Friday, 27 January 2017

4 June 1881 - Useful Hints


1. Heat a breakfast saucer to insure dryness; pour into it a wineglassful of pale brandy. Set the spirit on fire with a strip of clean lighted writing-paper, and let it burn until the quantity is reduced one third. Pour this into half a point of boiling milk; drink it when moderately warm; repeat, if necessary, but take only half the quantity at once after the first dose. Arrowroot may be substituted for milk, but whether made with water or milk, should be boiled, not merely mixed with boiling liquid.

2. Take twenty to thirty drops of elixir of vitriol, or, as it is often called, diluted sulphuric acid, in a wineglassful of cold water; three to five drops of laudanum may be added to the dose when there is great internal pain. Repeat, if needful, either with or without the laudanum, according to circumstance. The dose is a medium one for an adult. A very eminent physician, who was peculiarly successful during a terrible outbreak of cholera, told the writer that he had found this most valuable in the early stages of that terrible disease and in diarrhoea.


1. One of the best possible remedies for rheumatism is a soda bath. Dissolve 2 oz sesqui carbonate of soda, or a 1/4 lb of common washing soda, in an ordinary warm bath. Remain in it fifteen to twenty minutes, adding hot water from time to time, so as to keep up the temperature to the last. The bath may be repeated after an interval of three days, or a single affected limb may be bathed daily.

2. Rheumatic pains in a joint may often be much relieved, or even cured, by the application at the outset of spirits of camphor. Pour a little into the hand, and rub the part night and morning; the spirit dries almost instantly. In applying a mustard poultice, always interpose a bit of old transparent muslin between it and the skin. After removing the poultice cover the place inflamed by the mustard with a piece of cotton wadding. It gives great comfort.


Amongst the simple domestic remedies which should always be kept within reach may be classed dried camomile flowers. A strong decoction of these, used as a hot fomentation, is extremely soothing. The following are instances of  the value of camomile. A dear little boy had a gathering under the nail of the great toe. His mother stewed camomile flowers, put them in a bowl, and immersed the child's foot in the decoction. She packed the flowers above and around the ailing toe, and as they cooled changed them for hot ones. So long as the child's foot was in the water he suffered little pain; so at bed-time it was packed in a mass of the stewed flowers in a flannel bag. He fell asleep, and in the morning it was found the gathering had broken and the toe was comparatively well. A boil on the cheek and a large gathering inside the mouth and neuralgic pains in the face have been similarly relieved by fomenting with a strong decoction of camomile flowers. The following is an excellent way of applying this simple remedy. Make two flannel bags and fill them; but not so tightly as to make them hard, with boiled flowers. Squeeze one bag and apply it, as hot as can be borne, to the painful part, and cover with two or three thicknesses of warm dry flannel to keep in the  heat. When getting cool, change with the second bag, which should be kept steaming hot between two plates in an oven. Being freshly wrung through the strong decoction after use, and again to put steam in the oven, a supply of hot bags will be kept up. The heat is retained much longer than in the case of fomentations with flannels merely wrung out of the hot decoction and applied. The writer has so often experienced relief and been soothed from pain to rest by the above method of using camomile that she cannot speak too highly of its value as a domestic remedy.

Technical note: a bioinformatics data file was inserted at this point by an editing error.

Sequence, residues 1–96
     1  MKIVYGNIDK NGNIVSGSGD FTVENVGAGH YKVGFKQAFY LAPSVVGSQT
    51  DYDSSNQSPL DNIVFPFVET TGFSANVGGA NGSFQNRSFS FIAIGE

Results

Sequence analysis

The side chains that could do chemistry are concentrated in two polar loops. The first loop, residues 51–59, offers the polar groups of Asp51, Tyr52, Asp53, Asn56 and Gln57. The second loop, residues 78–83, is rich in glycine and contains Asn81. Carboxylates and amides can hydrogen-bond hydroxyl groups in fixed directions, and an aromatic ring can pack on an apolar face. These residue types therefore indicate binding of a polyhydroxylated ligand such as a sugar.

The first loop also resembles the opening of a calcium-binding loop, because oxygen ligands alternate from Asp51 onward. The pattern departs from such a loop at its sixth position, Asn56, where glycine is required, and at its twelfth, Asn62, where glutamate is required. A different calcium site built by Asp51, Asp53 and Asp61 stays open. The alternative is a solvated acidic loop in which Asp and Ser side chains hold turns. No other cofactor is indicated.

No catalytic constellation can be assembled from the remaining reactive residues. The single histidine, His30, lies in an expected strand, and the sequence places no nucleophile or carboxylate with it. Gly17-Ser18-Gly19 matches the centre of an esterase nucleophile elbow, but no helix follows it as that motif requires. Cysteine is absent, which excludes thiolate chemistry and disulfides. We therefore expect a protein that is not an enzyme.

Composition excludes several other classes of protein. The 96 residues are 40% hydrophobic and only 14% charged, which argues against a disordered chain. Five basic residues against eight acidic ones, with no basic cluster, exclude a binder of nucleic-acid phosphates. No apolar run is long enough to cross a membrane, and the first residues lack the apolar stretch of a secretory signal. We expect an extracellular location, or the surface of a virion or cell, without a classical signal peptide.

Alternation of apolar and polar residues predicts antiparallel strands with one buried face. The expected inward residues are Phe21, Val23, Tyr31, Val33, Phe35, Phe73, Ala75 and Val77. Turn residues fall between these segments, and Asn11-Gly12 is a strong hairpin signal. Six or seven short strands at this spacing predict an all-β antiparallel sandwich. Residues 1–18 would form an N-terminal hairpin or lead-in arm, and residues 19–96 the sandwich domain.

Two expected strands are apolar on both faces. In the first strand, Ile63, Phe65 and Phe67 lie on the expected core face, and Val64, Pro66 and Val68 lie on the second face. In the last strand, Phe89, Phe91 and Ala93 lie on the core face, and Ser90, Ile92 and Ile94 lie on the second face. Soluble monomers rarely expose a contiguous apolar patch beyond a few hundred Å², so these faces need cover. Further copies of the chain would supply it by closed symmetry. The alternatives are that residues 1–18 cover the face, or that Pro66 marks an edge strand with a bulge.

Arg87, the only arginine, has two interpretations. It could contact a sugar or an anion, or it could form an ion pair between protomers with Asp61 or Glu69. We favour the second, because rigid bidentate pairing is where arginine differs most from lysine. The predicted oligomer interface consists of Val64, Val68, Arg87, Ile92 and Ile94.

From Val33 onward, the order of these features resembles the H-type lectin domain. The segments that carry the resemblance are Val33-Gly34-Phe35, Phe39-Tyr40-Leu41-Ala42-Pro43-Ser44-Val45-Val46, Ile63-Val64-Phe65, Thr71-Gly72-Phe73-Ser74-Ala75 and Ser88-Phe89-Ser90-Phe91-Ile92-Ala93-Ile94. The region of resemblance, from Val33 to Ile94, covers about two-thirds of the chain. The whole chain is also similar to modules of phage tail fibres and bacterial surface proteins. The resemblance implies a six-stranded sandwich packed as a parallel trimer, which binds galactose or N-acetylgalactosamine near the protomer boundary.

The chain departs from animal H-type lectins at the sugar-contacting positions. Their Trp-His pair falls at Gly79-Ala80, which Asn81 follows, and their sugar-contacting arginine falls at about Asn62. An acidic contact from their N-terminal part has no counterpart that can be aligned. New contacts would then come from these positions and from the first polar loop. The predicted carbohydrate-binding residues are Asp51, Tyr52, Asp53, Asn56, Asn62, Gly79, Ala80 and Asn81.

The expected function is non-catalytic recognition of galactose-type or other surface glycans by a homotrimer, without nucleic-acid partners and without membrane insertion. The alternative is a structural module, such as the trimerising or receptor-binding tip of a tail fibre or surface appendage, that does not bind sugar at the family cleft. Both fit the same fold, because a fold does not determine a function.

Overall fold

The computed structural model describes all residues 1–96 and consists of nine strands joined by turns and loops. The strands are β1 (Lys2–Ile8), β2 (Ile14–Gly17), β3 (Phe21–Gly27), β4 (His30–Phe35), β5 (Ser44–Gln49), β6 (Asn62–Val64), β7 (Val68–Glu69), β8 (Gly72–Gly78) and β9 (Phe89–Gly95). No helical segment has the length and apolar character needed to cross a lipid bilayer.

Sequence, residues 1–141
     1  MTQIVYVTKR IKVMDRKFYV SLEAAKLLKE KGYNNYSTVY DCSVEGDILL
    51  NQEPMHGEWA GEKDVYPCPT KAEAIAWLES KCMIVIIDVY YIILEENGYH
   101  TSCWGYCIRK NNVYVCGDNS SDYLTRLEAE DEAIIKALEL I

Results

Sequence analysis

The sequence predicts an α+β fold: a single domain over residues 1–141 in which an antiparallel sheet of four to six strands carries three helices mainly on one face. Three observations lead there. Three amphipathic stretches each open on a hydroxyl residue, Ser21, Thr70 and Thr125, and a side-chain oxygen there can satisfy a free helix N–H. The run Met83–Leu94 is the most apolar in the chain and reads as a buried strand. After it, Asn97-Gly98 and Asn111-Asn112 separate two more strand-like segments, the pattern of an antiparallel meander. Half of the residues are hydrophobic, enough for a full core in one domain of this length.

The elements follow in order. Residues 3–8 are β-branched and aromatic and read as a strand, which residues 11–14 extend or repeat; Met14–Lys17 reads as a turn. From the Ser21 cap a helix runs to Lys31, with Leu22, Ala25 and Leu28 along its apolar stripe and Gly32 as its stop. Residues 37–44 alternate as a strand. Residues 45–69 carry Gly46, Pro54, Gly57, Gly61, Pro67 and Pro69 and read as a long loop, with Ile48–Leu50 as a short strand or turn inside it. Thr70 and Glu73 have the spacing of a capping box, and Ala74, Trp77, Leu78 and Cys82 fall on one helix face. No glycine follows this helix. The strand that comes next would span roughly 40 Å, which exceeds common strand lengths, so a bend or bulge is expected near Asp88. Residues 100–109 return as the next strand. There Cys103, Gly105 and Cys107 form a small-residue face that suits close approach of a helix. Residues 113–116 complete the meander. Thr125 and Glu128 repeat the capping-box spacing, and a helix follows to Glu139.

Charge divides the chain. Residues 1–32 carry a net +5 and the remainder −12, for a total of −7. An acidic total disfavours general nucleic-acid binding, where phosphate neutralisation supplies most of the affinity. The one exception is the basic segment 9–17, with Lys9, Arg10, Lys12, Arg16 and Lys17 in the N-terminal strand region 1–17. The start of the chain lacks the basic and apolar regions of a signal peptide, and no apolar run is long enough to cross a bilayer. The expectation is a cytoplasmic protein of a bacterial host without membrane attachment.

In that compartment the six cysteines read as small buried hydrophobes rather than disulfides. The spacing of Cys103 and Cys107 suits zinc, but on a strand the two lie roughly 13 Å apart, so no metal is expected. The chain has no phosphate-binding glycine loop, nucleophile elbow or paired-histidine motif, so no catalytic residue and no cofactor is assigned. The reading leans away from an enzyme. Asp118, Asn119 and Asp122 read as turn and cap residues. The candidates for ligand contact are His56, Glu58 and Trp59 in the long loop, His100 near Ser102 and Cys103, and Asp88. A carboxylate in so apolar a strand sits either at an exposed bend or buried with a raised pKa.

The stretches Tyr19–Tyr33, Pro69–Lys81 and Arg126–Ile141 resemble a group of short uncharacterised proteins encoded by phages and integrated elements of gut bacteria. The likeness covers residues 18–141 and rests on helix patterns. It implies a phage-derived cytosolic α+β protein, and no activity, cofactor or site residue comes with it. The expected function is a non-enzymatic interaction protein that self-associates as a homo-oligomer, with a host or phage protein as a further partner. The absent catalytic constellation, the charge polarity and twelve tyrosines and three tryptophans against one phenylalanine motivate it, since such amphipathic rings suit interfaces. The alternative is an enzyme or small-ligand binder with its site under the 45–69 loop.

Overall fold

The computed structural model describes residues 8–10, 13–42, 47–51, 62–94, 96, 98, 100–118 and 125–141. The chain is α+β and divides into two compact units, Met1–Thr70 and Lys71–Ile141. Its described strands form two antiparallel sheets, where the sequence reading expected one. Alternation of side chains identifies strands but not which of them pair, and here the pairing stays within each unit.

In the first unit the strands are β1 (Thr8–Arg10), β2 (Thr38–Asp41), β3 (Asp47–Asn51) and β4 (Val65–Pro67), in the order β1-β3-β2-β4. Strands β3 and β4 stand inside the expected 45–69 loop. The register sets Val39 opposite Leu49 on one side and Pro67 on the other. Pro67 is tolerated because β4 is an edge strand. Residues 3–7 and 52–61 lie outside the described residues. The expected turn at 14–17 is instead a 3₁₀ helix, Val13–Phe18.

Plunge the upper part of the face in a bowl of clean, cold water, opening and shutting the eyes two or three times in the water, so that they have a cold bath every morning. The sensation is neither painful nor unpleasant, but the effect is very beneficial.


Seared milk, prepared as follows:- Stir a cup of new milk with a red hot poker till nearly boiling; let the milk settle, then strain it through muslin, leaving all bits of dust behind, and, when lukewarm, apply with a bit of soft linen to the inflamed eyes. In using eye lotions take a separate rag for each eye, and only pour out as much of the lotion as you are likely to require at one time. Wash and rinse the rags or lint each time after using, so that you may always begin with a perfectly clean piece. The seared milk may be used very often, and is an excellent application, especially  for the tender eyes of infants.


The simple distilled water without any mixture – is an admirable cosmetic. After exposure to a burning sun, wet the corner of a towel with elder flower water, and dab it lightly over the face. The heat and smarting will be immediately allayed, and freckles prevented. A rag wetted with it will remove the smarting caused by nettle stings, and is also a very cooling and pleasant application to a tender skin after washing. It may be used twice daily.


At the end of a meal a good deal is tea is often left in the pot. Perhaps the readers of THE GIRL'S OWN PAPER may care to know what we do with such "leavings." We pour it into a large bottle and give it to a poor old woman, who is thankful to be thus saved the expense of providing herself with her favourite beverage. If the cork is left out the tea will keep perfectly through the day, and the old woman sends for it in the afternoon. It is easily warmed up, and she finds it has a far better flavour than what she used to buy for herself.

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